Like Lake Champlain to the north, Lake George remained largely bucolic in character long after the American Revolutionary War had ended. Its tranquility even inspired Thomas Jefferson to write eloquently about it to his daughter in 1791. Over the following century, many Americans started to treat Lake George as a seasonal vacation retreat. Among the first groups of people to arrive were artists, such as Martin Johnson Meade and John F. Kensett. They created magnificent depictions that showcased the spectacular geography of Lake George and its environs. Such images only further galvanized visitation to the lake, making it one of the most popular holiday destinations in the Northeast by the start of the 20th century. Lake George has since maintained its status as an incredibly active tourist attraction, hosting thousands of people every year. It is particularly attractive among the nation’s energetic cultural and heritage travelers, who remain enchanted by its fascinating history. Indeed, the greater Lake George region is home to such fascinating landmarks like Fort Ticonderoga, Fort William Henry, and Saratoga National Historical Park. Cultural heritage travelers also enjoy journeying deep into the surrounding landscape of the lush Adirondack Mountains by way of the numerous serene pathways that reside within Adirondack Park. (Designated as a U.S. National Historic Landmark by the U.S. Department of the Interior, Adirondack Park itself covers an entire size of 200,000 acres.) Lake George and the communities that line its shores are a truly wonderful place to experience a memorable trip.

  • About the Architecture +

    The Queensbury Hotel stands today as a wonderful interpretation of Colonial Revival architecture. Colonial Revival architecture itself is perhaps the most widely used building form in the entire United States today. It reached its zenith at the height of the Gilded Age, where countless Americans turned to the aesthetic to celebrate what they feared was America’s disappearing past. The movement came about in the aftermath of the Centennial International Exhibition of 1876, in which people from across the country traveled to Philadelphia, Pennsylvania, to commemorate the American Revolution. Many of the exhibitors chose to display cultural representations of 18th-century America, encouraging millions of people across the country to preserve the nation’s history. Architects were among those inspired, who looked to revitalize the design principles of colonial English and Dutch homes. This gradually gave way to a larger embrace of Georgian and Federal-style architecture, which focused exclusively on the country’s formative years.  As such, structures built in the style of Colonial Revival architecture featured such components as pilasters, brickwork, and modest, double-hung windows. Symmetrical designs defined Colonial Revival-style façades, anchored by a central, pedimented front door and simplistic portico. Gable roofs typically topped the buildings, although hipped and gambrel forms were used, as well. This form remained immensely popular for years until largely petering out in the late 20th century. Nevertheless, architects today still rely upon Colonial Revival architecture, using the form to construct all kinds of residential buildings and commercial complexes. Many buildings constructed with Colonial Revival-style architecture are even identified as historical landmarks at the state level, and the U.S. Department of the Interior has even listed a few of them in the U.S. National Register of Historic Places.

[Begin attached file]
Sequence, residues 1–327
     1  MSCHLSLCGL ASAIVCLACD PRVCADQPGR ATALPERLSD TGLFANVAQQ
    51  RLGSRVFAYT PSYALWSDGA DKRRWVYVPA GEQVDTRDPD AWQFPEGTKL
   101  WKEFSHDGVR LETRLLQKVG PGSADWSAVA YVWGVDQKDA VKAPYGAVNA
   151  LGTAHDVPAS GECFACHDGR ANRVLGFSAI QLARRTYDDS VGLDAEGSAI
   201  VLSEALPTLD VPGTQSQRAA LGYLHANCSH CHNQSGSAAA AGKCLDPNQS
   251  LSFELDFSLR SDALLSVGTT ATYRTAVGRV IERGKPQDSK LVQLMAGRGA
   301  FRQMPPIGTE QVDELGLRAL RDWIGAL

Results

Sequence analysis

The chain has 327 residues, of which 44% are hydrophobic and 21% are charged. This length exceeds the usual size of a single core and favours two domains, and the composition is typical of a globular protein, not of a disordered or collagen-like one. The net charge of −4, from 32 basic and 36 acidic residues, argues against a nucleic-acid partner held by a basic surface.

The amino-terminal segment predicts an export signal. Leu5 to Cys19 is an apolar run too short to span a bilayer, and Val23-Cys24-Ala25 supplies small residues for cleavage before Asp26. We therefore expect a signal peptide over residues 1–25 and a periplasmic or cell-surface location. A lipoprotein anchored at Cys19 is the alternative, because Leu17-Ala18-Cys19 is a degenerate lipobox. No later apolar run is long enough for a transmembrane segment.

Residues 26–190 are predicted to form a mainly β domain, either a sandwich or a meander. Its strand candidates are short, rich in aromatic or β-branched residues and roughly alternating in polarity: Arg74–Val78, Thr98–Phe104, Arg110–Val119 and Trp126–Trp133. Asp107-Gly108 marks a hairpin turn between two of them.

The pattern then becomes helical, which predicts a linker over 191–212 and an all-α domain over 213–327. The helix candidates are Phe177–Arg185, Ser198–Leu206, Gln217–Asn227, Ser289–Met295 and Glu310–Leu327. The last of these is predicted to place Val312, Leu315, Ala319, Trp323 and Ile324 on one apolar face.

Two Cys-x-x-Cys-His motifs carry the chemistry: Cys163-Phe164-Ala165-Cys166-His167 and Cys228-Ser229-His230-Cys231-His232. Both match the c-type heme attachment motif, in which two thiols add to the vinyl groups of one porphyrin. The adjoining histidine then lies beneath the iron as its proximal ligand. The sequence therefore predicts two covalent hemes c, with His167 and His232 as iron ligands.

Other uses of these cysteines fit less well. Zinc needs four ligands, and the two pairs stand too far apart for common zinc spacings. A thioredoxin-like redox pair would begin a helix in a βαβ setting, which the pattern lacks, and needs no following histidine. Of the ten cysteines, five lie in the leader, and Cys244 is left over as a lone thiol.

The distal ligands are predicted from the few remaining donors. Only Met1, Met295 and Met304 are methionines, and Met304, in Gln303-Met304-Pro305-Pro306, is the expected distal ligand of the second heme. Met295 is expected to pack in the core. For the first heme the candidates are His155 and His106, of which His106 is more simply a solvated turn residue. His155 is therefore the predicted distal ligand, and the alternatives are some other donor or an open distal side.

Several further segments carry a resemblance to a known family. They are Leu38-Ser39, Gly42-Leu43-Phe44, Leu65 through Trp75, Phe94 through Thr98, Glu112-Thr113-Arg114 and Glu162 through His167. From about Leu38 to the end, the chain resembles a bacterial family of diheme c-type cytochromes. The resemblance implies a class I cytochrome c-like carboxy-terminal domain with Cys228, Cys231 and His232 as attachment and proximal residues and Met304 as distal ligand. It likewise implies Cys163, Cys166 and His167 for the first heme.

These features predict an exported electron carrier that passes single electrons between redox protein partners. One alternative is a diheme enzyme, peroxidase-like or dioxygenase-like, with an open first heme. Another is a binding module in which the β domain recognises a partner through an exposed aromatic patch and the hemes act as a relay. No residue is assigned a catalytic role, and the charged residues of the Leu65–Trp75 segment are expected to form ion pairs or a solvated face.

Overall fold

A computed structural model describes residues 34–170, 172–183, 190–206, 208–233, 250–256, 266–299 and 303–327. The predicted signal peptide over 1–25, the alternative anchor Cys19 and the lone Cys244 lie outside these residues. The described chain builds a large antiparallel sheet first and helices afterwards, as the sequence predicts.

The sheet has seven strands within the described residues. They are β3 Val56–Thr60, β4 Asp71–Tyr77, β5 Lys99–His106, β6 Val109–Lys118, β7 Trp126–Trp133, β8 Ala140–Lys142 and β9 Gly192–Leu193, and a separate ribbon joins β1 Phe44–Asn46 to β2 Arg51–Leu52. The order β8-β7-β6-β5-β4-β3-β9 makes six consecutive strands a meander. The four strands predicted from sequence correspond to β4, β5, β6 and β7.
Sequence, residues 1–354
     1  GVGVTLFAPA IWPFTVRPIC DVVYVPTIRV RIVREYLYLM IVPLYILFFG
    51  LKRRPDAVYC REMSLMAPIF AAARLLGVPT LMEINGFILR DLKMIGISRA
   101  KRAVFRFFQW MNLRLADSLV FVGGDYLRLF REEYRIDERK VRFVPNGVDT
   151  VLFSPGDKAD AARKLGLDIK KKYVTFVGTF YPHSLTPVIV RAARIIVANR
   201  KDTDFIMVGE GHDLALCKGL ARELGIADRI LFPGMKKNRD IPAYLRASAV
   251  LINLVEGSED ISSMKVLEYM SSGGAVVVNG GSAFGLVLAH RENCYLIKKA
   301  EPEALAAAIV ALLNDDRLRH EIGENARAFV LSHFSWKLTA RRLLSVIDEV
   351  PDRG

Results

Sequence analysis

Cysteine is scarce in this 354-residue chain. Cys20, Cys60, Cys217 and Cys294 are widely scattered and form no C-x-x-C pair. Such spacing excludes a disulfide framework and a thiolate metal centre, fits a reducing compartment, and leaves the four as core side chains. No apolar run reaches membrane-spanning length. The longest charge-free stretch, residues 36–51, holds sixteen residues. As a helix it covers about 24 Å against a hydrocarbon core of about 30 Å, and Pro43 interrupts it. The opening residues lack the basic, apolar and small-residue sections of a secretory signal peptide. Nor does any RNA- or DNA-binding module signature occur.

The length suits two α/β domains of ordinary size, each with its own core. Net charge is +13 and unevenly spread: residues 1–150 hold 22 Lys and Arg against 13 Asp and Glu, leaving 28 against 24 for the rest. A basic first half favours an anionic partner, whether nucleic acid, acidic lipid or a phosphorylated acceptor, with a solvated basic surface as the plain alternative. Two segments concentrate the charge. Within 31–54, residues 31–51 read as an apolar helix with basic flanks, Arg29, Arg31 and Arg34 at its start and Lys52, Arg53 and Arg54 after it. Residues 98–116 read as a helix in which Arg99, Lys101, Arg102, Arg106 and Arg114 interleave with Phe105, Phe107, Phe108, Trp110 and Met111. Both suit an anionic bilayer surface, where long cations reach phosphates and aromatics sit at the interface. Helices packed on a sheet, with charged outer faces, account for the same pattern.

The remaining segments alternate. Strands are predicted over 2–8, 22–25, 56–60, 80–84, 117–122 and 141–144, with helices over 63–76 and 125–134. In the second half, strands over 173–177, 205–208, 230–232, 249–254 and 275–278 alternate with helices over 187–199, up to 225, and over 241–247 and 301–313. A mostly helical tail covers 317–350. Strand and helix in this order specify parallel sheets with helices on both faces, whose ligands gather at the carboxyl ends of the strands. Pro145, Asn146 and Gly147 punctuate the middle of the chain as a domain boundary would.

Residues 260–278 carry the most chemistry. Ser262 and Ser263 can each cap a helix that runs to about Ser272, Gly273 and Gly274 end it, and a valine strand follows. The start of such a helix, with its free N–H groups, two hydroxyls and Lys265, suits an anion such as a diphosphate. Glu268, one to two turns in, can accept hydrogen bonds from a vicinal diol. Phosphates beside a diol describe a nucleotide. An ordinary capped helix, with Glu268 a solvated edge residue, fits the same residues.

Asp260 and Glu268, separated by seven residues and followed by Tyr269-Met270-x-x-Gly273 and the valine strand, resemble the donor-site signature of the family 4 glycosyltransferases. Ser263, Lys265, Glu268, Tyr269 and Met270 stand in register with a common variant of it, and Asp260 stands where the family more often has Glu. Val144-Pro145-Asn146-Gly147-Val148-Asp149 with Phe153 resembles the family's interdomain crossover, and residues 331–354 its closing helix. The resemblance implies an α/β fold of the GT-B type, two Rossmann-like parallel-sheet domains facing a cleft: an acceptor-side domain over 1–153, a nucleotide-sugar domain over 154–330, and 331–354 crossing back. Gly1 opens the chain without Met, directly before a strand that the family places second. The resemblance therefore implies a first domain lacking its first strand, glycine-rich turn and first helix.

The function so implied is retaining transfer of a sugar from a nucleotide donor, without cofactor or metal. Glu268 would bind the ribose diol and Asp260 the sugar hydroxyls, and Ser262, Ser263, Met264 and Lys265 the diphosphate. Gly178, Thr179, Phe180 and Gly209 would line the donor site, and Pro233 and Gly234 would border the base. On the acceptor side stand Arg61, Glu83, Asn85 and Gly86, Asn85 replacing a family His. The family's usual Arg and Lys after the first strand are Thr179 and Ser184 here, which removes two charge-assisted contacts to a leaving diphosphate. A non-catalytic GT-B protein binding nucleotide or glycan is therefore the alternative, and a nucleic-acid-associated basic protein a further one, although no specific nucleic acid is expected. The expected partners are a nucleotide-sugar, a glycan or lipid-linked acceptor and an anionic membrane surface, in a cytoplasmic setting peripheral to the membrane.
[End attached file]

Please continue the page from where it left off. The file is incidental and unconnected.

• Famous Historic Guests +

    Bob Hope, comedian and patron of the United Service Organization (USO).

    Louis Armstrong, jazz musician regarded as one of the most influential figures in the genre.

    Guy Lombardo, bandleader and violinist who sold anywhere between 100 and 300 million records worldwide

    Joe Frazier, Olympic gold medalist (1964) and undisputed heavyweight champion (1970 – 1973) in boxing.

    Jackie Robinson, star second basemen for the Brooklyn Dodgers who became the first African American to play Major League Baseball.

    Benny Goodman, jazz clarinetist and band leader remembered to history as the “King of Swing.”  

    Kenny Rogers, country music musician known for albums like The Gambler and Kenny.

    Bob Dylan, Grammy-Award musician known for such singles as “Blowin’ in the Wind,” and “The Times They Are a-Changin’.”

    Robert F. Kennedy, U.S. Attorney General and Senator from New York (1965 – 1968)

    Ronald Reagan, 40th President of the United States (1981 – 1989)